by RAY FLEMING
WHY does President Bush think he has to offer instant character assessments of the leaders he meets? It seems very bad manners but perhaps it is just the famed Texas informality at work. After his total misjudgement of Vladimir Putin on first acqaintance and some of the terrible choices he has made of people to fill senior posts, it might be thought that he would stop the practice. But no. Having spent four hours “face time” with Gordon Brown the President had to tell the press that the British prime minister was not the “dour Scotsman” they had heard about but was rather “a principled man who really wants to get something done”.

Condescending, to say the least. When it was Mr Brown's turn to speak at the joint press conference he made no reference to his host's character or leadership. In referring to the UK-US special relationship he emphasized shared history and values rather than personal bonds. Indeed, it was noticeable that he avoided any warm personal words, no matter how formulaic, and that he actually acknowledged there had been disagreements on some points, although he did not say what they were. At the United Nations he was equally impressive, warning his audience that they were “a million miles” from achieving the Millennium Development goals and sharing credit with France for the break-through resolution on Darfur.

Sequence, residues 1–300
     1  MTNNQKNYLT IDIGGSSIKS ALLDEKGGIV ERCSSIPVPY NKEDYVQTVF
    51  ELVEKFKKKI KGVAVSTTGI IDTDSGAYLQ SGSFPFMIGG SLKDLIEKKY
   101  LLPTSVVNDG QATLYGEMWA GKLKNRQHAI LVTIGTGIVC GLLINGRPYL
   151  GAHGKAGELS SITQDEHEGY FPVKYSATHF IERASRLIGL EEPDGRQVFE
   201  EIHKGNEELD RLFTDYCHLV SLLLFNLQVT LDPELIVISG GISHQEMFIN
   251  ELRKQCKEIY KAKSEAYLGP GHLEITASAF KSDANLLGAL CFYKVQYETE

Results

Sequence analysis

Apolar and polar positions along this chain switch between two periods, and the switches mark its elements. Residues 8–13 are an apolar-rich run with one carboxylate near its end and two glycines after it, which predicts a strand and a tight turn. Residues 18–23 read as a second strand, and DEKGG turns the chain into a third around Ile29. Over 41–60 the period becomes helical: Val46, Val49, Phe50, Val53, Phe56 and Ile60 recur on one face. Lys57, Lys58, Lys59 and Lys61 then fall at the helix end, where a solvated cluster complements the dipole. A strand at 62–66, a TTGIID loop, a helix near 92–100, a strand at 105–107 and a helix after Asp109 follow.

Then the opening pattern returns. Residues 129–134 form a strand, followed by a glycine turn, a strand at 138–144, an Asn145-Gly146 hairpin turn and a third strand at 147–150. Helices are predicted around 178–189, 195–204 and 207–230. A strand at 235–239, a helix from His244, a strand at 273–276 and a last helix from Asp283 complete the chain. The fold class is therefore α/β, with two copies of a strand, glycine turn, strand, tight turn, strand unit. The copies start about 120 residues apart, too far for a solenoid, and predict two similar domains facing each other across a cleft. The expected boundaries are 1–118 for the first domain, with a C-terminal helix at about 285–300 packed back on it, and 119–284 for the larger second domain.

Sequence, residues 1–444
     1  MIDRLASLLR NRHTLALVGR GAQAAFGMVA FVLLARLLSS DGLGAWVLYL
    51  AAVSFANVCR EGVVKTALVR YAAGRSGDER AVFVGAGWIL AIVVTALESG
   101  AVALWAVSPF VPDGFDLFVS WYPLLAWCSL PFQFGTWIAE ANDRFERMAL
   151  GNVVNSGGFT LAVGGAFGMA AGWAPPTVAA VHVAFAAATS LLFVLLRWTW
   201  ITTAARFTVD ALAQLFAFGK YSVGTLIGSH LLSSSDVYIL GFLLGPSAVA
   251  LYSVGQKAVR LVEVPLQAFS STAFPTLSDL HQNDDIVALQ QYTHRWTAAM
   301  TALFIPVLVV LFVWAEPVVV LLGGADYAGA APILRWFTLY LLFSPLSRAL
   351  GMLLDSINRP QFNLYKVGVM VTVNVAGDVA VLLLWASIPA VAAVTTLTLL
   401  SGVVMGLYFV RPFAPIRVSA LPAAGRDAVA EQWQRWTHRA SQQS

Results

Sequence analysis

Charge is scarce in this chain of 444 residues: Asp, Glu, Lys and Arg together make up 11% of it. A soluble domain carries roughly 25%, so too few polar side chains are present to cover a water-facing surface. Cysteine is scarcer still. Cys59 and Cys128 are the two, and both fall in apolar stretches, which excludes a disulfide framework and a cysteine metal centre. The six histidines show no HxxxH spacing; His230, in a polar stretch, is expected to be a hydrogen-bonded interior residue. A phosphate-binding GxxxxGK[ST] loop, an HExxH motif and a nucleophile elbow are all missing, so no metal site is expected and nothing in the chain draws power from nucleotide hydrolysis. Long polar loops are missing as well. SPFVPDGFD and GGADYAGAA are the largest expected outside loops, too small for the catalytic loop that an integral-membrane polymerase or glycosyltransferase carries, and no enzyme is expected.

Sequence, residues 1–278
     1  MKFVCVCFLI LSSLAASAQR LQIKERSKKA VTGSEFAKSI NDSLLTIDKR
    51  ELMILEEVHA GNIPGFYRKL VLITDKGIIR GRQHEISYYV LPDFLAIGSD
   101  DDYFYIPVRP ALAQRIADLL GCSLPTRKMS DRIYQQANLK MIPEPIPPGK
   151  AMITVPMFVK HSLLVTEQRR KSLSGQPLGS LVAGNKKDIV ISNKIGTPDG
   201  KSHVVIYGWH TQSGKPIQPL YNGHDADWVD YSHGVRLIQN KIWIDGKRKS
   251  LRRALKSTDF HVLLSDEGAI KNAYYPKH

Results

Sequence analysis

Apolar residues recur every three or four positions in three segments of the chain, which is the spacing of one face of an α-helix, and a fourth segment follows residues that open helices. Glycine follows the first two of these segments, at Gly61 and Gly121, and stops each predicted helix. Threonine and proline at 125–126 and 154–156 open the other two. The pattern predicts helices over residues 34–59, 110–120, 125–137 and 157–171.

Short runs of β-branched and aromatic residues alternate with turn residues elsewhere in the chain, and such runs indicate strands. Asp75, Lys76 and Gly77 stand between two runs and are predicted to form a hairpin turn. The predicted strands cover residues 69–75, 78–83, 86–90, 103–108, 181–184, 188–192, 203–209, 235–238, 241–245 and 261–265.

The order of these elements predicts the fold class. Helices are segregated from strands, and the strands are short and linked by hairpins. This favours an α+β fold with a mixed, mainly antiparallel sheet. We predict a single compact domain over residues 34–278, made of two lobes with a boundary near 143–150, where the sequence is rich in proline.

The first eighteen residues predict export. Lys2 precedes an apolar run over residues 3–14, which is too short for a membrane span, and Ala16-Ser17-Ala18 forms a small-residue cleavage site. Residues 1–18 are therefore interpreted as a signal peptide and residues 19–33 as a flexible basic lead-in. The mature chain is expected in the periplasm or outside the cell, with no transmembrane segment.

A very satisfactory US debut by Britain's prime minister.

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